Grant Budgeon could have nine sets of mega towers crossing seven quarters of his Crossfield-area farm if a proposed electrical transmission line goes ahead.
He is among hundreds of Alberta landowners protesting a series of high power transmission lines proposed for the next few years. Many argue the deal to put in the lines is already over, and their final stand is designed to influence the route of the Western Alberta Transmission Line (WATL) project.
If the company is allowed to build its preferred route, Budgeon calculates nearly 600 landowners would be affected.
“It is unfortunate because this is putting Albertans against Albertans,” he said.
He said he and other farmers would prefer the routes run along fence lines so they are less intrusive instead of crossing through the middle of fields and in some instances, close to people’s homes.
The project is one of several 500 kilovolt power lines the Alberta government designated as critical under its 2009 Electric Statutes Amendment Act, also called Bill 50.
AltaLink, the province’s largest electricity transmitter, wants to build a 350 kilometre high voltage direct current line between the Genesee substation west of Edmonton and the Langdon substation east of Calgary, as well as associated converter stations.
The preferred route parallels 220 kilometres of existing transmission lines west of Highway 2.
Alberta Utilities Commission public hearings are underway until the end of July to review AltaLink’s application. Most of the landowner presentations want the company to take the route less travelled.
Gary Edward said any hope of expansion for his farm is dashed if the preferred line crosses over his dairy farm near Crossfield. He has lived there since 1978, but power lines and pipeline rights of way prohibit him from expanding or gaining full market resale value. Up to three sets of towers could run diagonally across a quarter section, he told the utilities commission at a recent hearing in Didsbury.
“It may sound selfish, but I think trespassing by our province’s utilities should be shared by more than just a few. The philosophy of corridors is a killer for landowners when trespassing affects people’s ability to make a living. It affects their way of life and I think we need to take another look at it.”
The Alberta Electric System Operator (AESO), which plans the province’s energy needs, said upgrades are needed to meet future growth.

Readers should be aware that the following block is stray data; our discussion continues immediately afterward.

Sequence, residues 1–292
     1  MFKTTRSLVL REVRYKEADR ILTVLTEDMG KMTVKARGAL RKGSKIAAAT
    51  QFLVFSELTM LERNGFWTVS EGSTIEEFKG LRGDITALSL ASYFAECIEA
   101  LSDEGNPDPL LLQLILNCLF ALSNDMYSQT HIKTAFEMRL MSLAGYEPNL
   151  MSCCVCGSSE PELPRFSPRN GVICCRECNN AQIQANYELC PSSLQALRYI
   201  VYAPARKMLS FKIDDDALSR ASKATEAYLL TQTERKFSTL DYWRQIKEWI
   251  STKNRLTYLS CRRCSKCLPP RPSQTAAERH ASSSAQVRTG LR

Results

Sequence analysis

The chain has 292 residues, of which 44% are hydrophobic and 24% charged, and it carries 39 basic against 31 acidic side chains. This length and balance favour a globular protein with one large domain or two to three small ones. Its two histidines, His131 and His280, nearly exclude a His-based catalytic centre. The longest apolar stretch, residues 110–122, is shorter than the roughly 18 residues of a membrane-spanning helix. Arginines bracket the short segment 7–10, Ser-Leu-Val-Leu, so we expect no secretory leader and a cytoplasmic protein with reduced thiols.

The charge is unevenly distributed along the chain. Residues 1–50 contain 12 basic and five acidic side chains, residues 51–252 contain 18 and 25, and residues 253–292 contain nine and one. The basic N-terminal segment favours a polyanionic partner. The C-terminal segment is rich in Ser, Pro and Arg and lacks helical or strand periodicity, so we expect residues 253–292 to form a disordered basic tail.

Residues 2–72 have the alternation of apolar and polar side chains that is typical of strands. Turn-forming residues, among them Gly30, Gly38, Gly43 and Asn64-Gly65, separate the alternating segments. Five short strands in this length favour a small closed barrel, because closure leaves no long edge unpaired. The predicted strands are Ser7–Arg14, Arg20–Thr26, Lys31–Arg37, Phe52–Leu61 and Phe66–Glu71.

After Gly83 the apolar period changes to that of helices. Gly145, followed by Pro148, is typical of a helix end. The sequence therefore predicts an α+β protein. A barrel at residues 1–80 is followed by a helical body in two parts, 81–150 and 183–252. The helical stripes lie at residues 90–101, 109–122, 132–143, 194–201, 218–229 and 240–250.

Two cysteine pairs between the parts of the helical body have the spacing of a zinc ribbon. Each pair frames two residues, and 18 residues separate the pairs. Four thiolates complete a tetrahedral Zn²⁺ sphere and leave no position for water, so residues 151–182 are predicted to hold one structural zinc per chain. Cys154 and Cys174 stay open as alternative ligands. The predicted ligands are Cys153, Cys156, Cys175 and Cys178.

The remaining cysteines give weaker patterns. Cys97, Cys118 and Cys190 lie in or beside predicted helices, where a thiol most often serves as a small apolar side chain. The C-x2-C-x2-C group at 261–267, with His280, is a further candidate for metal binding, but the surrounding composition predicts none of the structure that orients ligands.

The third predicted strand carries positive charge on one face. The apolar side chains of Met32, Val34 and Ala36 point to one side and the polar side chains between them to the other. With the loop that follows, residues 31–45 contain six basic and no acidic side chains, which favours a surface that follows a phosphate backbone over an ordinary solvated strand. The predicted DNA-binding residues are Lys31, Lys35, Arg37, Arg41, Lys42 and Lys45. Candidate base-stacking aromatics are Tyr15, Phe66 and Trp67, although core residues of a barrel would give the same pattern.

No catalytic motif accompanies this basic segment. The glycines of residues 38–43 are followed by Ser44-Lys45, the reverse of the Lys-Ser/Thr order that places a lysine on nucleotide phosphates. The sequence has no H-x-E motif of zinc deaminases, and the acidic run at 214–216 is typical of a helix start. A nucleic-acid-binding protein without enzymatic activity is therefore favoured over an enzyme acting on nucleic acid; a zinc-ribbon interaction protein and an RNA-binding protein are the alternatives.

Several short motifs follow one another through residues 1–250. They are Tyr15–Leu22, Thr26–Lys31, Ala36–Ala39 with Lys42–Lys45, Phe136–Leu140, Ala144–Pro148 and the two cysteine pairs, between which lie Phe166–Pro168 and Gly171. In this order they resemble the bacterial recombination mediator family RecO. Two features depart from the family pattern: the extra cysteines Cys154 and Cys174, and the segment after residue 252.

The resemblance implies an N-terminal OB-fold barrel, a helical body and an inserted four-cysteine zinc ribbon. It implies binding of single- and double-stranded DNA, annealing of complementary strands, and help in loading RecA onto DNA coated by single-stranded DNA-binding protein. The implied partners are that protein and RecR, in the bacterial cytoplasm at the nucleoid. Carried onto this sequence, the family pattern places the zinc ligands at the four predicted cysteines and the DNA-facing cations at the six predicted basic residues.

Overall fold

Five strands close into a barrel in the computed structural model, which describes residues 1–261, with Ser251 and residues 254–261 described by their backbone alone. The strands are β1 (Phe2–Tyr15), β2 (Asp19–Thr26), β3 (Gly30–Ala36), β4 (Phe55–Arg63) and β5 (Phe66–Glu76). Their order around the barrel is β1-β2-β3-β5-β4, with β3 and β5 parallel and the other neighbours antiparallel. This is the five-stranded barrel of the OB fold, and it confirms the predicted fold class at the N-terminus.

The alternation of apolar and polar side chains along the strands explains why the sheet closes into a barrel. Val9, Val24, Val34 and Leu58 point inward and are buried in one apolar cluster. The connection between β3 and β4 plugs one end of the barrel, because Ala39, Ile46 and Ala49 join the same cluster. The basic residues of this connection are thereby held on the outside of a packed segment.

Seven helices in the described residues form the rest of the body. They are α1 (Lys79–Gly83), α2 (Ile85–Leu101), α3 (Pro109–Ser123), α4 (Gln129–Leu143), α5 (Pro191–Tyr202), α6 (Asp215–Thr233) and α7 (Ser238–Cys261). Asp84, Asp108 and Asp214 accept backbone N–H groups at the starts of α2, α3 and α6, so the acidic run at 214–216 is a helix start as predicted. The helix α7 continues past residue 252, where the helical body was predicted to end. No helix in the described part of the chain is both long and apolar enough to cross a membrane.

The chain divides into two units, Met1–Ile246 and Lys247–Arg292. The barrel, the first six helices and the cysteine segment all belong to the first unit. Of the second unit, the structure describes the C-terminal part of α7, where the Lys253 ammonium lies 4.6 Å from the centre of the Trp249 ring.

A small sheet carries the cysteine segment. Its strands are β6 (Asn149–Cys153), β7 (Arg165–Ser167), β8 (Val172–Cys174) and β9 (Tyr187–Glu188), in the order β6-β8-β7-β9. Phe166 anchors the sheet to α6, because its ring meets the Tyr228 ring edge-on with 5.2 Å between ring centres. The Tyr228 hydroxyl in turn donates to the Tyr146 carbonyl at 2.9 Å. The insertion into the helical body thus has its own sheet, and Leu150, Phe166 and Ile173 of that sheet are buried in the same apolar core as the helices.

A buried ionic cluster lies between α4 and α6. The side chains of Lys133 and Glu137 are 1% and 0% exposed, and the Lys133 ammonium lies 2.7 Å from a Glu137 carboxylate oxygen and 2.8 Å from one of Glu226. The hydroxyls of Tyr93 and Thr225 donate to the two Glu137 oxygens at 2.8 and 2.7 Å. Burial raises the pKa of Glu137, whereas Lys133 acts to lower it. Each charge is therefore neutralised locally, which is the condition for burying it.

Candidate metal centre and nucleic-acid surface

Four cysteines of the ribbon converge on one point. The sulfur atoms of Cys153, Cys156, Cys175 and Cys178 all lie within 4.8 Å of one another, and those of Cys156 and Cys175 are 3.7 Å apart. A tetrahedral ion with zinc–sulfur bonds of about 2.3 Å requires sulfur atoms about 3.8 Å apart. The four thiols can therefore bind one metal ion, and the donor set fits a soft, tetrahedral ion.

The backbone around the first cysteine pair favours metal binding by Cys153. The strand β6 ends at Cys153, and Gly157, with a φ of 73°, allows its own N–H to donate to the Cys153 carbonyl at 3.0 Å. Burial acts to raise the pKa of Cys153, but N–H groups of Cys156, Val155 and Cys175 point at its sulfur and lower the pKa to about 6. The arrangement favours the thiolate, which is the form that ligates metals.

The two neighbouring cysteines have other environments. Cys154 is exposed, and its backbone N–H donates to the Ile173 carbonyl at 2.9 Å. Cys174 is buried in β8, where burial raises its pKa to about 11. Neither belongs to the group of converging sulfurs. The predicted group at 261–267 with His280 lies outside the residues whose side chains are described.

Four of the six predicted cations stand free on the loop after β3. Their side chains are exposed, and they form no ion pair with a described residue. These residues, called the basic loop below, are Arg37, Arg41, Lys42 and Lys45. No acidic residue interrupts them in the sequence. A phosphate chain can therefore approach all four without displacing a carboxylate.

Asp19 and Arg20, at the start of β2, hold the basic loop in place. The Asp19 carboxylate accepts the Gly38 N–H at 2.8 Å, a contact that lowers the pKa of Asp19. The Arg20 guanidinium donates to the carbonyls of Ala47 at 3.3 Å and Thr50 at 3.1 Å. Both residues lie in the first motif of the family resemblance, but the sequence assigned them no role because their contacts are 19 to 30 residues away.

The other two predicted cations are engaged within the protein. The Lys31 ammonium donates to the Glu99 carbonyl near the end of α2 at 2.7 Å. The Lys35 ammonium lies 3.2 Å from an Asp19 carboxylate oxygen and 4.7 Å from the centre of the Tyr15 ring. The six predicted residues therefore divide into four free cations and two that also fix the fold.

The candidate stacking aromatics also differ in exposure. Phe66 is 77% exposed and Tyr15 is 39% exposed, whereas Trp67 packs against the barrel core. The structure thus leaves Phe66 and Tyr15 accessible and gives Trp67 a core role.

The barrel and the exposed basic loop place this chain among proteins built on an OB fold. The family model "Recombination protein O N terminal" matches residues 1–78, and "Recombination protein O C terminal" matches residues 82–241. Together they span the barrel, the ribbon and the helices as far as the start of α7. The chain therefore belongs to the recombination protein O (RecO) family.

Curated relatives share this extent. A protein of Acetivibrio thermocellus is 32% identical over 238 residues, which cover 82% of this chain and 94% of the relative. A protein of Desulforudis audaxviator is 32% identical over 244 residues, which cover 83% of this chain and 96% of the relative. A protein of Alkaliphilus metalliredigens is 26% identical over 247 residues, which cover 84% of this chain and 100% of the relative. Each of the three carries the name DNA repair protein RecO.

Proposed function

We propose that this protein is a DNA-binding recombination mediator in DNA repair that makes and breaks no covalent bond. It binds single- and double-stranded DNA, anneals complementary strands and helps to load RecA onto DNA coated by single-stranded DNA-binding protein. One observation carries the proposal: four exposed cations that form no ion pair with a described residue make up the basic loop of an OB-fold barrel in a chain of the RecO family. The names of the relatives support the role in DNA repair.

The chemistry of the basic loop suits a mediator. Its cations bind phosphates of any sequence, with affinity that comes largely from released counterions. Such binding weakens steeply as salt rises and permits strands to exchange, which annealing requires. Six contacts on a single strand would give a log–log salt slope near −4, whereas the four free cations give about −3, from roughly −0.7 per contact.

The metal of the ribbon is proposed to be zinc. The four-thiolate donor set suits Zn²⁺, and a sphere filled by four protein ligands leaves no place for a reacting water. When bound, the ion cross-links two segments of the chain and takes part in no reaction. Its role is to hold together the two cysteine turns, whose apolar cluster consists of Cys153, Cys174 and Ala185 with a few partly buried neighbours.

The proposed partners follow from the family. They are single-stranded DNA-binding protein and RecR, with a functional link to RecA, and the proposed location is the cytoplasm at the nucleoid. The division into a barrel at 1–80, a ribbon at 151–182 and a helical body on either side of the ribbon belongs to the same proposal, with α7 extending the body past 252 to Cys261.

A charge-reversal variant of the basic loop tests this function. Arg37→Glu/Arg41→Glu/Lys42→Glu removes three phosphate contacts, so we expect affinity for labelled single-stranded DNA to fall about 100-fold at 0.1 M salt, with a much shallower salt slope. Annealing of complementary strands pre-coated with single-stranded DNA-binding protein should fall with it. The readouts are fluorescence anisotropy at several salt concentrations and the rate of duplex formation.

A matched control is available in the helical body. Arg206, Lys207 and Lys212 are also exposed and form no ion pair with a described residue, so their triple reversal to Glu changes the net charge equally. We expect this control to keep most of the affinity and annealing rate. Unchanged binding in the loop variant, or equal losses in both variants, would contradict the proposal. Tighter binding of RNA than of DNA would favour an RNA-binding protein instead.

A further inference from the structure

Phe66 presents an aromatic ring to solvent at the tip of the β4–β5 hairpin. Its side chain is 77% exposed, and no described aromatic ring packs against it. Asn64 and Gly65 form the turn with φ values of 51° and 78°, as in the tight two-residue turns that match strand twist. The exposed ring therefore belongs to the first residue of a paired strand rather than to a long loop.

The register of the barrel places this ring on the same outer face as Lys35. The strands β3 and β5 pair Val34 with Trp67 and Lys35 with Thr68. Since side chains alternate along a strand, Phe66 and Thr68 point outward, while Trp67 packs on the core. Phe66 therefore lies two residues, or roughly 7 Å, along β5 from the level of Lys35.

The projects have been controversial almost from Day 1. The construction plans created such conflicts that the province forced all involved to start the process over from scratch.
The privacy commissioner found the Alberta Energy and Utilities Board (EUB) guilty in 2007 of illegally hiring private investigators to spy on Rimbey area landowners opposed to the construction of a 500- kilovolt transmission line.
The EUB was dismantled and the AUC was created and accepted a March 2011 application to build the WATL line.
Last November, the Heartland Transmission Project was approved. It is a 500-kilovolt, double-circuit transmission line with an associated substation and an 18 km, 240-kilovolt transmission connection. It would extend 65 km from south Edmonton to Fort Saskatchewan.
Landowners sued to stop the Heartland line. The Alberta Court of Appeal has agreed to hear the case, which argues there was political interference in the AUC process and that the commission failed to consider the social and economic impacts of the line. It is expected to be heard in September.
Colleen Boddez, president of the Alberta Landowners Council, helped fund the appeal through a website and public meetings.
The council is pegging its hopes on the appeal to stop all the lines.
“I think we have a very good chance of proving the social and economic impact would be too great and the Alberta economy will suffer because of it,” Boddez said.
“We wished we had been able to adjourn the WATL and EATL (East Alberta Transmission Line) with that request, but that didn’t happen.”
The AUC ruled it would continue its hearings, even though one proposal is now before the courts.
Landowners are compensated for towers placed on their property, but many argue it is not adequate. Boddez said landowners are told to sign and grant the right of way or get nothing later.
The province has tried to address such disputes by forming the Critical Transmission Review Committee last December.
In its report released in February, it supported the need to expand the transmission grid and recommended that the two high voltage lines between the Edmonton and Calgary regions proceed.
The University of Calgary’s school of public policy disputed the official cost of the lines and said cheaper alternatives should be explored.
“The proposed two HVDC lines are inefficient because system reliability and supply adequacy can be maintained at significantly lower resource costs to Albertans through other means,” said economist Jeffrey Church and engineer John MacCormack, when presenting the report.
Church and MacCormack recommended that an independent commission be responsible for transmission grid regulations.
They argued that the legislation pays inadequate attention to costs of inefficient overbuilding and the consequence of higher than necessary electricity costs for Alberta consumers.
However, they did not condemn the proposal for more electricity.
“We do not conclude that any north-south reinforcement of the transmission grid is inefficient or not required. We do not conclude that a generation-only solution is optimal. A mix of generation and transmission expansion may be optimal,” they said.